Have you heard of the new Raspberry Pi Pioneers programme, which challenges children and young people aged 11 to 16 to get together and use technology to make awesome things? Code Club Regional Coordinator and volunteer Lorna Gibson took part in the last challenge, acting as mentor for her Code Club’s Pioneers project. She told us a bit about her experience:
I have been running a Code Club since January of 2014. At our school we have developed a strong culture of being digitally creative: the larger of our two Code Clubs has over 40 children attending because we have rarely had anyone leave. This means that many of the young people there have been with me since the very early days, and they have devoured the Code Club materials and every suggestion of “Go off and find out more about X!” that I could come up with. Last year I prepared various challenges to help them extend their knowledge, keep their enthusiasm going, and – to be honest – to keep them busy. So when I first heard about the termly Pioneers challenges, I jumped for joy!
A big attraction of running a Code Club was always how simple and easy it is, since the projects do all the thinking for you. Pioneers has the same appeal: the programme coordinators have done the hard work of coming up with the challenges and the stimulus materials for the teams. They provide a multitude of resources that are tailored to the challenges and have enough variety to appeal to everyone. The resources are perfect for getting started and learning new skills. The competitive element of the Pioneers challenges helps give a real-world context to the activities, and also (and this is where I definitely can’t match up) there are cool prizes to be won. Pioneers is a perfect accompaniment to Code Club since it allows young people to use the knowledge and skills they have developed in a creative challenge.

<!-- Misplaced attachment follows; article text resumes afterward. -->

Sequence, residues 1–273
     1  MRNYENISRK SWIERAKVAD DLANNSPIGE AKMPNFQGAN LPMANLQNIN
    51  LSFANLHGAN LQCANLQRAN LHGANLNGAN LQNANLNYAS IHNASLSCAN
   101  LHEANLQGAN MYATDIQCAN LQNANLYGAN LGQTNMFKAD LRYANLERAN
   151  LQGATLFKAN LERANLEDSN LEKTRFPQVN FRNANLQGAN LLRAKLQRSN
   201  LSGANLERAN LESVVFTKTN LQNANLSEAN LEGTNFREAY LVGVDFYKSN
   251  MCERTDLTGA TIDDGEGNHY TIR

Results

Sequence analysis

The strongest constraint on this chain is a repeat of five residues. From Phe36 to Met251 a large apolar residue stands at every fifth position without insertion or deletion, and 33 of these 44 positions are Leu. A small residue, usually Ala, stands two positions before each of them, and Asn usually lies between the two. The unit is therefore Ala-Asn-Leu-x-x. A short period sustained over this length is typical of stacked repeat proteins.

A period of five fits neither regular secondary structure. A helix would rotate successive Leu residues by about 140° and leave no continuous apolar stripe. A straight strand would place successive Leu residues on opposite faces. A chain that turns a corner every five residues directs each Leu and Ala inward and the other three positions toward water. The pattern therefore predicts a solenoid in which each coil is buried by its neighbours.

If you can run a Code Club, it’s definitely possible to support a team to enter a Pioneers challenge. The Pioneers coordinators estimate that one Pioneers challenge takes about 10 hours of contact time over the three months for which the challenge is open. While we worked on our project as a weekly club activity, some teams run a shorter hackathon-style event to work on theirs. Whatever is practical for you, all teams will go through roughly the same project stages, nicely summed up by one of my first Pioneers teams:
→ The theme is announced
→ Go crazy with ideas
→ Design and develop something epic
→ Reflect on making – what did you learn?
→ Make a cool video (a mobile phone is all that’s needed!)
→ Submit the cool video
→ Celebrate your awesomeness!
At each stage, the team will need support to get to the next one, without being spoonfed of course. This is where you come in! If you are considering mentoring a team, don’t be put off because you think you will have to solve big technical issues for them – you could do that, but I think it would defeat the purpose of the challenge. Instead, think of yourself as a facilitator: be the team’s sounding board (we all know that often when we explain a problem to someone else, often routes to the solution present themselves); be their inspiration (show them that you don’t know everything yourself and point them towards ways to find solutions on their own); most of all, be their cheerleader (celebrate their successes, and also their resilience after setbacks).